Ukrainian journalist IGOR BUTOV tells how he became a hardened soldier

‘God forbid you feel such terror’: Ukrainian journalist IGOR BUTOV tells how he put down his pen and picked up an assault rifle to become a battle-hardened soldier in the war against Russia

  • Igor Butov left his family to fight Russian forces on the front line of Ukraine
  • He was a journalist before the war on Ukraine broke out on February 24
  • He has spoken of the toll the war has taken on his family and his fight so far 

IGOR BUTOV: Unlike most of my countrymen, I believed Russia’s potential aggression was quite real, and I prepared my family and myself for it

In recent years, Ukrainians have been diligently trying to ignore local hostilities in eastern Ukraine. The war in Donbass was barely mentioned in the news, and it was unheard of to discuss the likelihood of a major conflict.

Unlike most of my countrymen, I believed Russia’s potential aggression was quite real, and I prepared my family and myself for it. 

The arrivals at the Kramatorsk airstrip near Donetsk on February 24 gave us a sense of impending catastrophe. We felt a terror for our life that we had never felt before. However, I tried to be brave enough not to scare my family.

I was at a loss for the first two days of the war: I didn’t know what to do, what to do for my family. The situation was rapidly shifting, and I was concerned that I was losing control of my own life and that I would be unable to respond to my wife’s inquiries about how we should go.

On the evening of February 25, I realized I had to go to fight. The realization came naturally and literally released me from torment, instilling calm confidence in me.

My wife didn’t agree with my plan – she didn’t want me to endanger myself, so she sought backing from her parents and eldest daughter.

All attempts to talk about the need for my participation in the war at the time resulted in her crying. As a result, I quietly packed my belongings into my bag while she pretended not to notice and privately grieved in the room with our eldest daughter.

When I joined the army, the first thing I discovered was that war was not a heroic route for a soldier, but rather a path of hard labour.

Ukrainian servicemen are seen on the frontline in Donbas, Ukraine on April 14, 2022

An Ukrainian tank runs on a road near Lyman, eastern Ukraine, on April 24, 2022, amid the Russian invasion of Ukraine

To be honest, it was difficult for me at first. I had to put in a lot of physical effort, but I didn’t know how to work with my hands and didn’t enjoy it.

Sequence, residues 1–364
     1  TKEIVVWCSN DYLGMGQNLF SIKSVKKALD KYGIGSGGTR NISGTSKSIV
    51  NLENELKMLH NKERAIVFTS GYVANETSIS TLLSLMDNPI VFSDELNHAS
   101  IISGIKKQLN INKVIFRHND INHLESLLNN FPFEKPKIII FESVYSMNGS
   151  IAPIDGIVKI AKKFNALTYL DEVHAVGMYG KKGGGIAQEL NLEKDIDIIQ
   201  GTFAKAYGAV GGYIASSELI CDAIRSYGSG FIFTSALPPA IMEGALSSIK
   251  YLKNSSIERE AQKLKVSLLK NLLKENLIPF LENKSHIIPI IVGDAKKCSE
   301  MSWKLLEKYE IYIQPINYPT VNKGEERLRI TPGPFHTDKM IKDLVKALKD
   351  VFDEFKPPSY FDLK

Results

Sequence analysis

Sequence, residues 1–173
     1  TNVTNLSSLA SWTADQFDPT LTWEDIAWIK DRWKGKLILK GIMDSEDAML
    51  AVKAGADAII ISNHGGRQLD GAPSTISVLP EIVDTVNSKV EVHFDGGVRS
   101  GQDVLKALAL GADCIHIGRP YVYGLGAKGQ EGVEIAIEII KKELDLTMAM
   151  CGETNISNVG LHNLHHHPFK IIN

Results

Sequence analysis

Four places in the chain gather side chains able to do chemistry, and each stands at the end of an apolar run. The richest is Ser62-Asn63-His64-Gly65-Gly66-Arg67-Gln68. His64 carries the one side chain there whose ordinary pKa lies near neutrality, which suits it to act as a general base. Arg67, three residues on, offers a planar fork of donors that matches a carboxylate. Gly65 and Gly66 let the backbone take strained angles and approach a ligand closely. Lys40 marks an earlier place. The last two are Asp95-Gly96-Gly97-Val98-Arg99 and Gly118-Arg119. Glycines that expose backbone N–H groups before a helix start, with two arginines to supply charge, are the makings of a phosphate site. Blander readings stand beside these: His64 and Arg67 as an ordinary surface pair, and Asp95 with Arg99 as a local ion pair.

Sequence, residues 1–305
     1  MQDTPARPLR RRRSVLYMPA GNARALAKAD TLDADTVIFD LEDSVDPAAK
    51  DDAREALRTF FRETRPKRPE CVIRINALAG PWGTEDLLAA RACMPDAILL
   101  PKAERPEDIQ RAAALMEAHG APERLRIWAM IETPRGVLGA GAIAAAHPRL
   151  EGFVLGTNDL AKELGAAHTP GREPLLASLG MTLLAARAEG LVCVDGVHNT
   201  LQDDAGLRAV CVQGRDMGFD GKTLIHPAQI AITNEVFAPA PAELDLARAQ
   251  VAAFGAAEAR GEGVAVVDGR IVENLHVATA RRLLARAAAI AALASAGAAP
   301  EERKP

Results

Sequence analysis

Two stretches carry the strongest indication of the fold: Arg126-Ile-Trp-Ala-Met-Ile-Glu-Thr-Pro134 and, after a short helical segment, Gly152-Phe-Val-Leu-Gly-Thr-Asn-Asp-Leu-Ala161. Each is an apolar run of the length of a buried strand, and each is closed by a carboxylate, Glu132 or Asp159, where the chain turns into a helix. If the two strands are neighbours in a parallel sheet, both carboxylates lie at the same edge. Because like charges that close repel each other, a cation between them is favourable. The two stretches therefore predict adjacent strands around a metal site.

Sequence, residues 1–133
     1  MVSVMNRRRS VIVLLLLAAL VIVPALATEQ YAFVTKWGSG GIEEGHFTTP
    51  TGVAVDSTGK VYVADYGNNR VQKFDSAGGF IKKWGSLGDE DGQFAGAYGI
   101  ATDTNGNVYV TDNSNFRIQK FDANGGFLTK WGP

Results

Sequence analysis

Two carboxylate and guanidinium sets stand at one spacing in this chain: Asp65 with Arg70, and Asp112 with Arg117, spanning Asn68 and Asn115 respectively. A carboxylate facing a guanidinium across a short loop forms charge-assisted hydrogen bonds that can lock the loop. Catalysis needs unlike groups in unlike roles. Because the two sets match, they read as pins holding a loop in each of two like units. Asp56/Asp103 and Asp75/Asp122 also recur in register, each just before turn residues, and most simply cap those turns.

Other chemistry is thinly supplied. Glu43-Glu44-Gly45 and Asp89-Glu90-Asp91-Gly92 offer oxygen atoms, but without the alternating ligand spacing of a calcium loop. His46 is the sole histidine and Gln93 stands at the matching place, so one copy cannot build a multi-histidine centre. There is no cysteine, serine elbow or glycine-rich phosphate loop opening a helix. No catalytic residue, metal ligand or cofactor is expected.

My squad crossed the front line a week later. Our front line service was hard as well.

While the news was buzzing with active fighting in the Kyiv area, Kharkiv, Chernikov, and Nikolaev, as well as Russian crimes against our population, my unit went about its business at the advanced observation post, where we were to watch and report on the situation. 

The enemy then assaulted our side with mines, but with little success; it was more of a harassing fire.

A week ago, we were hit by the active phase of the war: round-the-clock shelling, corrected by drones, allowing the enemy to squeeze us out of our positions. 

Due to a lack of vehicles, the group and surrounding units evacuated on foot, dumping all unneeded items save ammo along the way.

The total shelling and forced retreat hardened and rallied the fighters, and we are currently re-staffing and preparing for future engagements. 

The unit was able to make up for the loss of equipment and items in just a few days thanks to the help of volunteers.

From the conversations of brothers, I can draw an unambiguous conclusion that most of us are now more ready for military operations than before the retreat. 

A Ukrainian soldier reads a book as he rests at a checkpoint in Bakhmut, eastern Ukraine, on April 23, 2022 amid the Russian invasion of Ukraine

I can assume that there are several reasons behind this readiness: we’ve reached conclusions and are prepared to battle, having learned from our failures in the past.